After the falls: Joseph Cotten plays the murderous husband to Marilyn Monroe in the thriller 'Niagara.'
A series of 20th Century-Fox films at the Stanford Theatre features nearly 70 movies in 80 days
By Richard von Busack
DARRYL ZANUCK hailed from Wahoo, Neb. He dropped out of military school at 16 and joined the Nebraska Guard on an assignment to chase Pancho Villa; sent overseas for World War I, he became an army veteran at age 17. In Hollywood, he became a prolific pulp-fiction writer, a quality that landed him a job as head of production at Warner Bros. In 1933, he formed Twentieth Century films with the help of the Schenck brothers. Zanuck's Twentieth Century engulfed William Fox's studio, and Zanuck was a real mogul for the next 35 years: a polo player, a cigar fancier, a collector of dead wild game and live exotic starlets.
Twentieth Century-Fox's productions lacked the expressionism of RKO, the punch of Columbia and the elegance of Paramount. If MGM was a lion, the foxlike darting between subject matters fitted this studio's name. If any thread connects the films at the Stanford Theatre's massive retrospective of Fox films, it is that there is no thread. The series starts with Yul Brynner blustering at Deborah Kerr in The King and I and Gary Grant romancing her in An Affair to Remember and wraps up Dec. 6 with the epic that nearly destroyed the studio, 1963's Cleopatra. The series also includes a film from a pint-size actress Zanuck called "the world's eighth wonder": Shirley Temple (Curly Top, 1935). Also featured are a few with Marilyn Monroe (Niagara, Oct. 13; and Gentleman Prefer Blondes, billed with How to Marry a Millionaire, Oct. 14-15).
One can make some gross generalizations about Fox's content. Zanuck, a cartoon version of Teddy Roosevelt, with cigar and polo mallet, loved costume pictures, so much so that there was once a joke about "16th Century-Fox." He cast matinee idol Tyrone Power as a conquistador under the thumb of Cortez (Cesar Romero) in Captain From Castile (Dec. 1) and as a pirate of the Spanish Main (The Black Swan, Nov. 3). In Prince of Foxes (Dec. 1), Powers crosses swords with Cesare Borgia (Orson Welles); Power's outing as the most romantic of all Zorros (The Mark of Zorro, Nov. 11-12) is also being revived.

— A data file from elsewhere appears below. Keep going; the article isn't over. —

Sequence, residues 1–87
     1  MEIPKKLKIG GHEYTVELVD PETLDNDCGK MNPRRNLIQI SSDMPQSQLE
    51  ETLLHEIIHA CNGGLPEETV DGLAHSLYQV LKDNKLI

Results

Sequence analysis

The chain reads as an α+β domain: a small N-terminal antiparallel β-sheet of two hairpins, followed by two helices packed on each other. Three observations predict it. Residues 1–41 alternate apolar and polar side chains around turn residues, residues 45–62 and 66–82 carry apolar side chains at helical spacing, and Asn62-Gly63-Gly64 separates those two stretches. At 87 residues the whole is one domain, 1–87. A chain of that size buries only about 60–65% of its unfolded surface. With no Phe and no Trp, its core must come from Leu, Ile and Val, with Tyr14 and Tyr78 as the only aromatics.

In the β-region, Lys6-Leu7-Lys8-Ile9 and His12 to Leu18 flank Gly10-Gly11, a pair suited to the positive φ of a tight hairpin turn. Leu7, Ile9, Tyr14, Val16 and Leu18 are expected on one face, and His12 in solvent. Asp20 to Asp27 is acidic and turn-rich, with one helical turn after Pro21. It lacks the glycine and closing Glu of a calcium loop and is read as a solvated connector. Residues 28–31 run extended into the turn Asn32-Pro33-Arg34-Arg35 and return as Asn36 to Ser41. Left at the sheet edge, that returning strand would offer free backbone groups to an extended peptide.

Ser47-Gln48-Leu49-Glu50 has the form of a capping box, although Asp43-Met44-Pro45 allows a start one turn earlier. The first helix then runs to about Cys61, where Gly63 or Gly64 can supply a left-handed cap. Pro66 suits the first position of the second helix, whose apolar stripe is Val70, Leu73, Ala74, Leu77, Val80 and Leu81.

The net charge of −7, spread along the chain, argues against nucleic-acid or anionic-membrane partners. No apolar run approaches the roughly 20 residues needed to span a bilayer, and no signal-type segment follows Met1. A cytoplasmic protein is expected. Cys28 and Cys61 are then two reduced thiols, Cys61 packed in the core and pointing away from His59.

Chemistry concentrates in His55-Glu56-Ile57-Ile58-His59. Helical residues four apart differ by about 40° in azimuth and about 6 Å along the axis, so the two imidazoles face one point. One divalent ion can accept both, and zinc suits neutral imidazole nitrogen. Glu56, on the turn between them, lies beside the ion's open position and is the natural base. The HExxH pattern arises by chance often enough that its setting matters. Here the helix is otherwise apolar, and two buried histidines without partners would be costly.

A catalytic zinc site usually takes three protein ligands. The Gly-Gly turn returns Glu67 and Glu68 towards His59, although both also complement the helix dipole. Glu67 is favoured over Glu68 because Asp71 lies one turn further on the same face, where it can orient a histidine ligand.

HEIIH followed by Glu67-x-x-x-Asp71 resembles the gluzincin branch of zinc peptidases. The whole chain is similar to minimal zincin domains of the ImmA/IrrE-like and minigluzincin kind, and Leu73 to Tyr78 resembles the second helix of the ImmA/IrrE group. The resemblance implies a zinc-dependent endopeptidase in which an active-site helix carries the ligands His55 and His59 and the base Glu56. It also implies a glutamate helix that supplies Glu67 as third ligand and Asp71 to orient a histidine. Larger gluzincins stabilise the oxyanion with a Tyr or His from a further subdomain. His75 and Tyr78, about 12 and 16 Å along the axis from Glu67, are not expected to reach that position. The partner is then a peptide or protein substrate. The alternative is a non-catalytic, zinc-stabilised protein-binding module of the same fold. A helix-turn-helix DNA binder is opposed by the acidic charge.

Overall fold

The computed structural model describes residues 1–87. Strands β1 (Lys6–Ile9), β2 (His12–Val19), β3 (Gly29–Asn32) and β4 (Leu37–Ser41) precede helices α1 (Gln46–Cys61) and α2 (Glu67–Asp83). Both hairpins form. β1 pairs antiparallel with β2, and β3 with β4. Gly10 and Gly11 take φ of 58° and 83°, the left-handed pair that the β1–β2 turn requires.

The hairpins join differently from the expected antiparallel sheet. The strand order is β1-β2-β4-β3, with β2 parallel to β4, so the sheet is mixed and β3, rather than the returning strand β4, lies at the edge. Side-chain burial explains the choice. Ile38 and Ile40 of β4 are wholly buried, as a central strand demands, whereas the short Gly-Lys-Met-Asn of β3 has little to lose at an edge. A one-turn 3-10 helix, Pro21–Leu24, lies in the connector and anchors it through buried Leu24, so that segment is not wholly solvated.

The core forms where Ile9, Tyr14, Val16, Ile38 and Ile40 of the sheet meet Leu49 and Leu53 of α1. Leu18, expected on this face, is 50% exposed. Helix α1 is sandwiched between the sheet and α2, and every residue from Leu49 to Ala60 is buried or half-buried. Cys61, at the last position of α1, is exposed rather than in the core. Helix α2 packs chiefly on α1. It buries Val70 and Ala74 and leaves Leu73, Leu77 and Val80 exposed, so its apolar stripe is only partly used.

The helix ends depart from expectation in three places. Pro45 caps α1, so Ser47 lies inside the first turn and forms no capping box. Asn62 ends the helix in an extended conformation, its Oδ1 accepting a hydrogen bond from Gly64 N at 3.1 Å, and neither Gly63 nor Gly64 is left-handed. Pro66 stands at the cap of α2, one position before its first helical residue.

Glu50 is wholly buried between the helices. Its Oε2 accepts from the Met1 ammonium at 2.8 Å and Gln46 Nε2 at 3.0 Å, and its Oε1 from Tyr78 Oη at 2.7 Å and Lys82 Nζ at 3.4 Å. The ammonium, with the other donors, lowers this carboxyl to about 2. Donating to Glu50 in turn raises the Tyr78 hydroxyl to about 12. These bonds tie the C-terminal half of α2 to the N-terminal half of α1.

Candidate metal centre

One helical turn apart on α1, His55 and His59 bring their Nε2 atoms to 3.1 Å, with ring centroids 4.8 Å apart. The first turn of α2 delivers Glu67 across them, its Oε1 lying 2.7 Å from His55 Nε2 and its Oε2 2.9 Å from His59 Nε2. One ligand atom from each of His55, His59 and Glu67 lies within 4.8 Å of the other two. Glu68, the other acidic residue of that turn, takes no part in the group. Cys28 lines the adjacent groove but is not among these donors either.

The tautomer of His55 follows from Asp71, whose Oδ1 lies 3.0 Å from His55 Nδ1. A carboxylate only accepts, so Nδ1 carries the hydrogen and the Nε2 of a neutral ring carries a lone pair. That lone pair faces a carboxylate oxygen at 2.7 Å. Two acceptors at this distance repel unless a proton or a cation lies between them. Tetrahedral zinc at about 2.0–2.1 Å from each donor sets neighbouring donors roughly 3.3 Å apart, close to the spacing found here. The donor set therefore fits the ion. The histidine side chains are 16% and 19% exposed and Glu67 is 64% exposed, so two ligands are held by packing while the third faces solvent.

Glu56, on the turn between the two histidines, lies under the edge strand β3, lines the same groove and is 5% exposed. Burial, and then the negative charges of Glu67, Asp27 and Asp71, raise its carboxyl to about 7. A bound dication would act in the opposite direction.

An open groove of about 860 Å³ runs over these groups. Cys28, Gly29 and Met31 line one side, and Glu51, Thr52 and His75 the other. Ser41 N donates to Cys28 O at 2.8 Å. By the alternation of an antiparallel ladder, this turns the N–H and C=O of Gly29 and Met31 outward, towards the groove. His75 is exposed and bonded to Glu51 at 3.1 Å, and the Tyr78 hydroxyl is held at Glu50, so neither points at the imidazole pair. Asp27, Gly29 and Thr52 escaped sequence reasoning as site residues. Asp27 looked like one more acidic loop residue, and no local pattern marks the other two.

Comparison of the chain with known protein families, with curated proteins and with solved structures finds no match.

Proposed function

Fox also produced Americana musicals (the 1946 version of State Fair, Oct. 6) and the Chicago fire musical In Old Chicago (Oct 11-12). Auteurs passed through Fox's Pico Boulevard gates: Alfred Hitchcock (Lifeboat, Dec. 13-14), Preston Sturges (Unfaithfully Yours, Dec. 6-7) and John Ford (How Green Was My Valley, Oct. 20; Tobacco Road billed with The Grapes of Wrath, Nov. 8-9; and My Darling Clementine, Nov. 11-12.) Some real rarities offer surprises: George Montgomery's Philip Marlowe solving the case of The Brasher Doubloon (Oct. 25-26), the infrequently revived Peyton Place (Dec. 2-3) and Dorothy Dandridge as a contemporary Carmen in Carmen Jones (Nov. 4-5).
The series supplies a mix of classics, energetic trash and grand white elephants. It's cinema, in a word: an art that sometimes seems to be on its way out. Take the misunderstanding of Brian De Palma's The Black Dahlia, for instance; note David Denby of The New Yorker complaining about the too-richness of the film, as if his doctor had put him on a diet. The Stanford's tribute gives us a chance for an endangered experience, as today's cinema gets less and less cinematic and more and more like downloadable content.
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